Discovering Chestnut Flour
As if on cue, the arrival of the Fall Equinox brought with it that crisp scent of morning air… and the beginnings of incredibly tempting magazine recipes for all things autumn. While butternut squash, predictably, leaves other ingredients in the dust as far as its frequency of mention, I’m seeing more and more mention of chestnuts as an accompanying flavor to everything from pastas and meats to desserts.
Since good, quality fresh chestnuts are still a little ways away (but be assured: once they arrive, you’ll hear about it from me first), I decided to whet our collective appetite for their delightful, sweet and nutty flavor by giving chestnut flour some airtime.
I’ve already encountered chestnut flour this year on my fabulous gluten-free honeymoon to the South of France, where one vendor at a village festival was selling fresh crepes made from farine de châtaignes (chestnut flour), filled with an obscenely decadent chestnut creme (think Nutella, but made with chestnuts and honey) or your choice of typical crepe fillings. I particularly appreciated this authentic version of the sweet crepe; after all, French cuisine offers us a wonderful gluten-free savory crepe option in its buckwheat crepes (called Crêpes de Sarrasin), but most sweet crepes are still made with plain old wheat flour.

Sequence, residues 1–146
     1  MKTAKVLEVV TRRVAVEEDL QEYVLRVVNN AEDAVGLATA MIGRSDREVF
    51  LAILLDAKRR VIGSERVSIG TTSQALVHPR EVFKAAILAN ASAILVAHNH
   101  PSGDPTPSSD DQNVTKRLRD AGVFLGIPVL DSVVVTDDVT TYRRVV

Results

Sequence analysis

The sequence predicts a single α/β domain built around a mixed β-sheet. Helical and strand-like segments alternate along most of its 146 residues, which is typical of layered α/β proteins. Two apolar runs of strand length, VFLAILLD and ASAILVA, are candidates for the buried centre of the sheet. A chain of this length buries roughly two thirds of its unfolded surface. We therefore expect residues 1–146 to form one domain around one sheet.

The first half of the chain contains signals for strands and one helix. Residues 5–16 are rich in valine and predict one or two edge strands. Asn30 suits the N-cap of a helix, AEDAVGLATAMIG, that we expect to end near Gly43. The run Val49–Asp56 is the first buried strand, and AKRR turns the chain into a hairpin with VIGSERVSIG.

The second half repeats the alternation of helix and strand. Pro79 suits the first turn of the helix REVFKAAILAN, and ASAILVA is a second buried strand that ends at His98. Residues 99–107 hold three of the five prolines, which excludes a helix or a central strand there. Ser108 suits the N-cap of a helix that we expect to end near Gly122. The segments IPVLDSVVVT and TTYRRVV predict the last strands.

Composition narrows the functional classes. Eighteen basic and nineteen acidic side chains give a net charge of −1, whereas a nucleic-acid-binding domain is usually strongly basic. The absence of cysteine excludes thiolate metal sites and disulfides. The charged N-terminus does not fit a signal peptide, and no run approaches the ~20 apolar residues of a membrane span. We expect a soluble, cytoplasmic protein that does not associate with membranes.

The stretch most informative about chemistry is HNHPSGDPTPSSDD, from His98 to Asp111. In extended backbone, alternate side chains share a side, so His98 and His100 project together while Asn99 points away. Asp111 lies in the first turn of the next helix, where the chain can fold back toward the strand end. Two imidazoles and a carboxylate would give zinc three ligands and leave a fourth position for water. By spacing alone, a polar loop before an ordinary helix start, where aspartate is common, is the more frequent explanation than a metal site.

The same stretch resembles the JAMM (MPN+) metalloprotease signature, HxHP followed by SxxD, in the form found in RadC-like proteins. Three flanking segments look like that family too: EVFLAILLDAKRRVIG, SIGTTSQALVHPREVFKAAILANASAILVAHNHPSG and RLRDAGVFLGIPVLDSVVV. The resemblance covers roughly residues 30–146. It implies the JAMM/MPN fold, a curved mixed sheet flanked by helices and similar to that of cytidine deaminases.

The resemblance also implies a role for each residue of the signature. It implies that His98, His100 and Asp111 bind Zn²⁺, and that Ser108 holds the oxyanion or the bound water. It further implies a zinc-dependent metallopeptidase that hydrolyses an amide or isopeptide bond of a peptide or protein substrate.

But we patisserie-deprived gluten-eschewers can now have our crepes, and eat our Madeleines, too. The wonderful people at Dowd & Rogers offer a long list of chestnut flour gluten-free recipes on their website, including this one for Chestnut Flour Crepes and this one for Chestnut Flour Madeleines. (I cannot tell you how long I’ve been looking for a gluten-free madeline recipe! Substitute the milk and/or egg replacement of your choice to modify these recipes for your dietary restrictions.) In true French fashion, the latter recipe uses a full stick of butter, which translates into about 1.3 tsp of butter per Madeline. Health food it is not, but my philosophy is that having to break out the madeleine pan, preheat the oven and wait for 20 minutes every time we want to indulge in a little bit of cakey naughtiness is a very good way to prevent the impulse binge. Bake them, enjoy them, share them, and that’s the end of it.
Given how rarely we come across chestnut flour, you may be as surprised to learn, as I was, that it was a traditional substitute for wheat flour in Italy during the middle ages, and was used extensively for making bread and pasta. Sadly for us, most pasta, gnocchi and bread recipes that call for chestnut flour (Farina di Castagne) combine it with wheat flour. If you can eat gluten, you can try substituting up to 1/4 of the all-purpose (white) flour in your baked goods/pasta recipes with chestnut flour, or in recipes that call for some cake flour in addition to the all-purpose flour, try substituting all of the cake flour with chestnut flour. If you’re baking gluten-free, you can try substituting part or all of the white rice flour in a recipe with chestnut flour. To be sure, it’s an expensive swap, but as you’ll see below, it’s a glycemic-ly advantageous one if you can afford it.
All About Chestnut Flour
While Chestnuts are technically tree nuts (and therefore people with tree nut allergies should take care… you may or may not have a reaction to chestnuts!), Chestnut Flour is quite different than the flours/meals of other tree nuts, such as Almond Flour or Hazelnut Flour. To start, chestnut flour is very low in fat; in fact, chestnuts have a starchy profile that makes their flour more similar to typical grain flours in its nutritional (and functional) profile than the typical nut flour. By way of comparison,